How can you recognize if your cow’s welfare is good or bad? And why prioritizing it is crucial for the efficiency of your farm? Let’s find out in this Blog series!
After exploring the 5 key Freedoms, introduced by the Farm Animal Welfare Council, that are crucial to have healthy and productive cows, we acknowledge some of the main indicators of bad cow welfare. In this episode, we will find out some more details to focus on to evaluate animals’ well-being and, with the help of Colin Reece, Global Farm Solutions Market Support Director, we will share our dairy herd improvements.
Be ready to take note and implement those changes, you will not regret it!
Some more red flags of bad cow welfare
The number of cows standing, waving tails, and their reaction when you try getting closer to them are not the only indicators of insufficient care for cows’ well-being, as Colin suggests.
“Hygiene is a factor that can affect cows’ welfare. When most of the animals’ backs are dirty, it means that cubicles are not clean enough, increasing the risk of bacteria spreading and contamination across the herd.
One more aspect to pay attention to is cows’ reaction when the sun hits the barn: if all animals have room to rest in the shade, it means they are correctly protected from heat. Instead, if animals struggle to find room in a limited space or pant, it means that shelters are not correctly managed, and cows are more prone to suffer from heat stress.”
Dairy herd improvements to start elevating cow welfare now!
At this point, you might be wondering what dairy herd improvements could help increase cow welfare. Here are some, according to the Five Freedoms mentioned at the beginning!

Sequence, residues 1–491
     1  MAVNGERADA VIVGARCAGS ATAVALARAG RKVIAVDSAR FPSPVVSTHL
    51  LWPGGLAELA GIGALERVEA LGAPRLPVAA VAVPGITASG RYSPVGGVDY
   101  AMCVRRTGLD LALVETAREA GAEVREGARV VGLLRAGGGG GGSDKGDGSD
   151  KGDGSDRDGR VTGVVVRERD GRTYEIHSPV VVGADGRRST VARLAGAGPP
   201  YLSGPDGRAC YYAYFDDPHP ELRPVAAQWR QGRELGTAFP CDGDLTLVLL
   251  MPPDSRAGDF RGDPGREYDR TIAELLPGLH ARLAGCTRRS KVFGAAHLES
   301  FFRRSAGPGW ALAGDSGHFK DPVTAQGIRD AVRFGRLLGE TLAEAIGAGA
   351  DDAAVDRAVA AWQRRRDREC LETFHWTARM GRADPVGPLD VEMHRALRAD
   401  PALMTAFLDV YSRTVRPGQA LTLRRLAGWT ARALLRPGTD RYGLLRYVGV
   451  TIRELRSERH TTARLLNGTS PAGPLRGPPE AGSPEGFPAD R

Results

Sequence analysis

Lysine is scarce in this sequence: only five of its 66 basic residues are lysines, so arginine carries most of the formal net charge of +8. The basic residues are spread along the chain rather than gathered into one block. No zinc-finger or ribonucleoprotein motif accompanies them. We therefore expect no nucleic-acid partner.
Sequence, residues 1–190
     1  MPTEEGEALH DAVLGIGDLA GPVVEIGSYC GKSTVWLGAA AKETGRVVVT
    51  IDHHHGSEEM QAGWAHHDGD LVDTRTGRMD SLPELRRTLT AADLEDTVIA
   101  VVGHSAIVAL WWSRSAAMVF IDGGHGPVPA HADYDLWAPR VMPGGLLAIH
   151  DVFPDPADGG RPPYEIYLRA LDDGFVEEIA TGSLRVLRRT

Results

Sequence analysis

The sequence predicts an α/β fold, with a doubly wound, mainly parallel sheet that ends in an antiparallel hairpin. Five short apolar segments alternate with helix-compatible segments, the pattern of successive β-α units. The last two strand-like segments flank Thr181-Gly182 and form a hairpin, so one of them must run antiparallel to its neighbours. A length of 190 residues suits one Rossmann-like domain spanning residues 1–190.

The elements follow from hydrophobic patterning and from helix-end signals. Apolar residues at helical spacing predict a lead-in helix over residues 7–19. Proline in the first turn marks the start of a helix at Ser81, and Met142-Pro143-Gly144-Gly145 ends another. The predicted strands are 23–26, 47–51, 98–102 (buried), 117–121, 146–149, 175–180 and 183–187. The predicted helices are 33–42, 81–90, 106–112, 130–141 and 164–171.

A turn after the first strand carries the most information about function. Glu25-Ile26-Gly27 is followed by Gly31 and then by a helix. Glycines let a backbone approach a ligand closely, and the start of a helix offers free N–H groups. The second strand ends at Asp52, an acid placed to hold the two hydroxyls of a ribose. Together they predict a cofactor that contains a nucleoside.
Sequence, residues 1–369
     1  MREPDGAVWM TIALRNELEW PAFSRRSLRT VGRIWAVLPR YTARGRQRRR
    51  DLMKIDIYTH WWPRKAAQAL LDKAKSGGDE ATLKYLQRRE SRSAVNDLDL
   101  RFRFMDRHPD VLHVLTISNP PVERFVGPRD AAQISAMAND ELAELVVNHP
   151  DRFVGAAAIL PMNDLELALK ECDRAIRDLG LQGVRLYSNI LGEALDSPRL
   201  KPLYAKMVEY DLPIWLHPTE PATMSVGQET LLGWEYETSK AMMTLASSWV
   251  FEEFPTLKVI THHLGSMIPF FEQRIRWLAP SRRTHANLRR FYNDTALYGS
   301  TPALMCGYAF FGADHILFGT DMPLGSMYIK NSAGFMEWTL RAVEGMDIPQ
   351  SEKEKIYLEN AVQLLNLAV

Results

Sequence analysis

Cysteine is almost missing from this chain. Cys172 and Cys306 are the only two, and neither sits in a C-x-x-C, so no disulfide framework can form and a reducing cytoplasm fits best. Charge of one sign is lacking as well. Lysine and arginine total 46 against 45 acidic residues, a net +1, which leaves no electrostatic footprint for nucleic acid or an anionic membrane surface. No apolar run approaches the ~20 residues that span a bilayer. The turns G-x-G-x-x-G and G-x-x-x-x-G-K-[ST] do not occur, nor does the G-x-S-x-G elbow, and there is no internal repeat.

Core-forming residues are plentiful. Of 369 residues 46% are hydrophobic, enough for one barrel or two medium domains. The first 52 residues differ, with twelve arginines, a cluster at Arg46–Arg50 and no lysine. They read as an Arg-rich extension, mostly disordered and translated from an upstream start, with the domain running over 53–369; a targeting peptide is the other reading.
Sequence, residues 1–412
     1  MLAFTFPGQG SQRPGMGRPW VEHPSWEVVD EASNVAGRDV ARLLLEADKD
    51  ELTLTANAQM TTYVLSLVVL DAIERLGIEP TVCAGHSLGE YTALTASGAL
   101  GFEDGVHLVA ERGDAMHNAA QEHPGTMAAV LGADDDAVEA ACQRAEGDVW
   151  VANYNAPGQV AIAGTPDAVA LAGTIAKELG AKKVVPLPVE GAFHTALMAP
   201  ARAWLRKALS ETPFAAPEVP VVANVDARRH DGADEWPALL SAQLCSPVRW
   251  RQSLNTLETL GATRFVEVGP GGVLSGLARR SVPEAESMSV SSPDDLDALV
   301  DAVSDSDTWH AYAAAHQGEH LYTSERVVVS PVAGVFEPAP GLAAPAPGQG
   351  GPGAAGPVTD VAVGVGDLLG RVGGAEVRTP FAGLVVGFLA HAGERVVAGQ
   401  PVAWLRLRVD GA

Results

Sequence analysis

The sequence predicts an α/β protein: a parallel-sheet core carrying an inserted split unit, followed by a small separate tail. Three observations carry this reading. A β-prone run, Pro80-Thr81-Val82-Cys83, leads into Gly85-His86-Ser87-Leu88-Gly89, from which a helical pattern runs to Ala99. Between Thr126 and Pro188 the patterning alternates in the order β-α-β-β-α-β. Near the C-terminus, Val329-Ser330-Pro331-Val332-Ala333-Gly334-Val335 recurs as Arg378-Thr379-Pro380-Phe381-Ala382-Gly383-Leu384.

Right feed in the right amount. A wrong nutritional intake can cause pain and intestinal problems in cows, as well as represent a threat to efficiency. This is why not only should feed be proportioned to milk production, but also to the breed and the needs of the animal. To take the right decision, relying on herd reports, professional advice, and regular monitoring are three great allies. Another preliminary aspect to prioritize is constant access to clean water, free from anti-nutritional substances such as mud or manure.
Comfort is key to milk production. Since cow comfort is fundamental to enabling cows to produce milk efficiently, the animals should have sufficient space, according to their size and breed, and a risk-free environment, with reliable, safe milking equipment and without either slippery surfaces or sharp, dangerous edges.
More prevention, better health. Along with heavily increasing costs, health issues and consequent surgeries or treatments are highly stressful for cows. Therefore, tracking the herd’s performance can help prevent or identify problems at earlier stages, avoiding the need for medical operations.
No violence, no stress. Also herd managers’ attitude has an impact on animals’ well-being. For this reason, farmers should contribute to maintaining the environment as quiet and peaceful as possible. This means avoiding shouting or using violent behavior toward the animals.
Social interactions and good welfare. If all previous dairy herd improvements are implemented, the probability of seeing cows express their innate attitude arises. Though, one more step that could be taken is grouping animals according to their productivity and limiting the group changes. In fact, cows tend to create a hierarchy within the herd, which can be highly harmful to some of them. So, minimizing antagonist phenomena can be the key step to enable animals to fully express their potential.
In particular, keeping heifers in separate groups can be beneficial as they are not bullied by older, bigger cows while they are still growing, and grouping allows them to have a little more space to eat with less competition. Visual cues of good cow welfare can be recognizable through social interactions, such as playing among calves and licking among adult cows.
Adopting an approach that prioritizes cow welfare is a crucial choice as it will be beneficial for the efficiency of the farm, while ensuring that animals’ freedoms are totally respected, enabling them to fully express themselves, both in terms of social interactions and productivity.
To start operating in this direction, selecting and acknowledging inefficient practices hindering cows’ welfare is an easy but indispensable action that, combined with expert advice, will turn out to be the right choice for your herd and your farm.
Date: 25 January 2023 to 31 December 2098